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bigger, we need improvements in productivity, which have been lacking for too long. cheap oil and energy may have helped to boost living standards, but it's a by—product of the economic slowdown. the silver lining in better living standards is accompanied by a big, grey cloud. the deputy prime minister, david lidington, and the brexit secretary, stephen barclay, have held talks with the shadow brexit secretary, keir starmer, to discuss labour's brexit proposals. the prime minister is facing a huge challenge tomorrow in a key brexit vote, where eurosceptic conservative mps are threatening to rebel over her proposal which they say would commit the uk to avoid leaving the eu without a deal. our political editor laura kuenssberg is in the house of commons for us tonight. all eyes on parliament then? how important is the vote tomorrow going to be? it's not going to be some enormous showdown, the grand finale of this long process, but it is important, as mps put forward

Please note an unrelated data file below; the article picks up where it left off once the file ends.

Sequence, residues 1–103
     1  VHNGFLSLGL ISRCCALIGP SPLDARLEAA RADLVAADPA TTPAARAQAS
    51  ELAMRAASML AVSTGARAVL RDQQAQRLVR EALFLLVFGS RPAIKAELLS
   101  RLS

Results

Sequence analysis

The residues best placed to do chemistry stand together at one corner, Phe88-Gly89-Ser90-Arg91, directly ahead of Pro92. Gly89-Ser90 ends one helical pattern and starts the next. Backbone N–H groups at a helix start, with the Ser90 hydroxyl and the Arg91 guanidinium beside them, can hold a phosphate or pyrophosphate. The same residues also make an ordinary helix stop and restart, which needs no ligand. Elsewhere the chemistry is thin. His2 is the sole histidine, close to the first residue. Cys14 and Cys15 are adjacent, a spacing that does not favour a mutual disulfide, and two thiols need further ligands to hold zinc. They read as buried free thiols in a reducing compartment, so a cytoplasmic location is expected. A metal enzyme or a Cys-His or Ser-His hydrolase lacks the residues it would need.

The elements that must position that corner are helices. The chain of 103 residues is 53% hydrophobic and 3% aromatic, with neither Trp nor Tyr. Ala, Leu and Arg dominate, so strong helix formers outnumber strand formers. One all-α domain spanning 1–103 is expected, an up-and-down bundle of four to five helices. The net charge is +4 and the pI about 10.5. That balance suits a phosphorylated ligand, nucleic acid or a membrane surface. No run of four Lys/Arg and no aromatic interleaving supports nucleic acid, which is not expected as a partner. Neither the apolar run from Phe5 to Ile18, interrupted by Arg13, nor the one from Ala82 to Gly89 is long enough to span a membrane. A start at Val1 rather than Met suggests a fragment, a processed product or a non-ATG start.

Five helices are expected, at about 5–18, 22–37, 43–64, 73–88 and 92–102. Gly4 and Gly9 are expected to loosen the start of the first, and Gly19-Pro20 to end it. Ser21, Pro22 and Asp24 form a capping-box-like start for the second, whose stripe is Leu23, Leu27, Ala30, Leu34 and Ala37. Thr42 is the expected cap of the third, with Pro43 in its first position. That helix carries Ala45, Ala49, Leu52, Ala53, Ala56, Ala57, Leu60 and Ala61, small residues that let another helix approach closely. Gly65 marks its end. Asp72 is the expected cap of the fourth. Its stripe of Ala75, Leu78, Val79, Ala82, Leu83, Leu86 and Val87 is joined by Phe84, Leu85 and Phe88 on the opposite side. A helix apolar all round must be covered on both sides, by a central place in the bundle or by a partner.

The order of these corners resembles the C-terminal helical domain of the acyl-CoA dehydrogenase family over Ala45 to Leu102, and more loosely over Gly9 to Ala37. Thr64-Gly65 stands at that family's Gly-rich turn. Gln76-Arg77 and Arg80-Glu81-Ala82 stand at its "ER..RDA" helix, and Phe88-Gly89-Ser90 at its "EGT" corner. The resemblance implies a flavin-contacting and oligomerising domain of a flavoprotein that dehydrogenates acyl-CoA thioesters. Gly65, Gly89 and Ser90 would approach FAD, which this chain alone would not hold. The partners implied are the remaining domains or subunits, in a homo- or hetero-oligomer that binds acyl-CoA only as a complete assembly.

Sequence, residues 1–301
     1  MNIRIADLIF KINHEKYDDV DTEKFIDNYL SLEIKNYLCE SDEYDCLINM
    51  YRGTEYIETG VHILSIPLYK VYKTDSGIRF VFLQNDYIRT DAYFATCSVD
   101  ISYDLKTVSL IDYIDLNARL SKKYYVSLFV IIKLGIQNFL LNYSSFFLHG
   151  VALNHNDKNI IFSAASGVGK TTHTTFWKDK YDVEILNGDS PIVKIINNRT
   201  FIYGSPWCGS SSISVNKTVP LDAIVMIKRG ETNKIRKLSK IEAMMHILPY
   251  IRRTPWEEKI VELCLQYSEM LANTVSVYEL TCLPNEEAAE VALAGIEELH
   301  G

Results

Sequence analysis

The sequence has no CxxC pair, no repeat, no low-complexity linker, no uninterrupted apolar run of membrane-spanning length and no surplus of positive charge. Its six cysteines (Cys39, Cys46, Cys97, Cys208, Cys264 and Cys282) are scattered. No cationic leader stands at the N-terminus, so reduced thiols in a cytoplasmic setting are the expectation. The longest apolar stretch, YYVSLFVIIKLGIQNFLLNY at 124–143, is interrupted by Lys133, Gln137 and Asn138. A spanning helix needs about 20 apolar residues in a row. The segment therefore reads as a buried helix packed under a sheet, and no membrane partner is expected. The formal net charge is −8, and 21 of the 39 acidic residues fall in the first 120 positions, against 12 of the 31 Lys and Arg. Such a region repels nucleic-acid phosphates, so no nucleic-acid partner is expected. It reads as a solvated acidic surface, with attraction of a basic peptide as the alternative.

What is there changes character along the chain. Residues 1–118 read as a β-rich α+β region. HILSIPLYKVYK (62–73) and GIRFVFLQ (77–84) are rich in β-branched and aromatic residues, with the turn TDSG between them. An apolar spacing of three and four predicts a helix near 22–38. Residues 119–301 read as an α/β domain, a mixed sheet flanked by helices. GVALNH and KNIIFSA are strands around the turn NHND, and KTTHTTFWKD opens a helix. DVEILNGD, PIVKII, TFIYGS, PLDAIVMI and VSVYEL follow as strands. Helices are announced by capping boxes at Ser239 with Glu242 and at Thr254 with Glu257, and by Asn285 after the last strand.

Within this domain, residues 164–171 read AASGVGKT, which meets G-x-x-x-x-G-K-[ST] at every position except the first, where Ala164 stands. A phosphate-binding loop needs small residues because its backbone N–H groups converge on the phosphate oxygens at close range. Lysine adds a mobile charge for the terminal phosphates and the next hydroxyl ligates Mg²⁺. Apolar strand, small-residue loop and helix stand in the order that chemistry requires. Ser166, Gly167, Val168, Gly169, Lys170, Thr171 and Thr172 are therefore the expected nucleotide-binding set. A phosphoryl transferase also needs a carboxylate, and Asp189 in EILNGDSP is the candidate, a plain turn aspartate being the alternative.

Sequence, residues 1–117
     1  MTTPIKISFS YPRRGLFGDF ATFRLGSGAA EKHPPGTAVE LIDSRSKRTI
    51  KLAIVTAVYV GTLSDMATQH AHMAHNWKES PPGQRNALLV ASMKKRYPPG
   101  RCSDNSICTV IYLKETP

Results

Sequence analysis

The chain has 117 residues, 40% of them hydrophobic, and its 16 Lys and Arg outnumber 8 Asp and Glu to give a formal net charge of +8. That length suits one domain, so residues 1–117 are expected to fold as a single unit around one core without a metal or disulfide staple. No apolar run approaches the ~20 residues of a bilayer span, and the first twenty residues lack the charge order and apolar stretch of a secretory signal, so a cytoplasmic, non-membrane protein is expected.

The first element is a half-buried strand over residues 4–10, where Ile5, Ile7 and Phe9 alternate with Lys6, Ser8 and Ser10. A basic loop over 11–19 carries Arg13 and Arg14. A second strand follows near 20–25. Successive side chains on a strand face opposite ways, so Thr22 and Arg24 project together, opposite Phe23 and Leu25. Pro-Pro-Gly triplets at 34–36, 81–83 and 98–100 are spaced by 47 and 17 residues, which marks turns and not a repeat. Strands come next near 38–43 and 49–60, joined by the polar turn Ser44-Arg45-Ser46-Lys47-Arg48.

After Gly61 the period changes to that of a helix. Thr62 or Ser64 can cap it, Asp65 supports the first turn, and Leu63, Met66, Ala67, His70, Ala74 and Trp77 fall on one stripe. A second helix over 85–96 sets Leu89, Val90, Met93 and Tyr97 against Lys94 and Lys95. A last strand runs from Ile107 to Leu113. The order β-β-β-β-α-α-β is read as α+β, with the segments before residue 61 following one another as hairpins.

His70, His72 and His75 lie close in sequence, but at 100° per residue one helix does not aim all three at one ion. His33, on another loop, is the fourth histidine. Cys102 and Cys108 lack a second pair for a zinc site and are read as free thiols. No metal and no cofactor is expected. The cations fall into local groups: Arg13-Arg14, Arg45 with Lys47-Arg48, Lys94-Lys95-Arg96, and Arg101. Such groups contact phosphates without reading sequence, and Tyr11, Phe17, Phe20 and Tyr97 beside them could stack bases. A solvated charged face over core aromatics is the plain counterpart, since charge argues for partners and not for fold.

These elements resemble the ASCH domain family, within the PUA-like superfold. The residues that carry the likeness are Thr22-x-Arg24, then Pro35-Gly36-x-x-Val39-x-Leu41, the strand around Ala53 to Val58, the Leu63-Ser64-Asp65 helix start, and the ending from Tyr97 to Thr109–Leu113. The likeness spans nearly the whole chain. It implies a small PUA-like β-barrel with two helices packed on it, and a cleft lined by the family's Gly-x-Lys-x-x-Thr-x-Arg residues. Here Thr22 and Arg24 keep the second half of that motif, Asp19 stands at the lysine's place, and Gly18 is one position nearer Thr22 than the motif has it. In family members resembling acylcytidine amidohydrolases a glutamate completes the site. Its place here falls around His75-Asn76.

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different ideas, whether there could be enough referendum, whether mps could try out different plans for brexit in the house of commons itself. it's important in theresa may's politicaljuggling act. right now, with some talks going on in brussels about trying to find a twig, a change to her brexit deals, it's important for her to be able to show the eu that she is capable of winning here in parliament. part of her plan has been to show that gradually, bit by bit, she is able to stitch something together after what was a whopping defeat of her plan at the end of last month. as you suggest, as things stand, her trickiest customers are the brexiteers on her own backbenches, and they are not, as things stand, planning to support her in that vote tomorrow, which means she may well end up losing again, just at the moment, when as far as negotiations are concerned, she really needs to be showing the european union that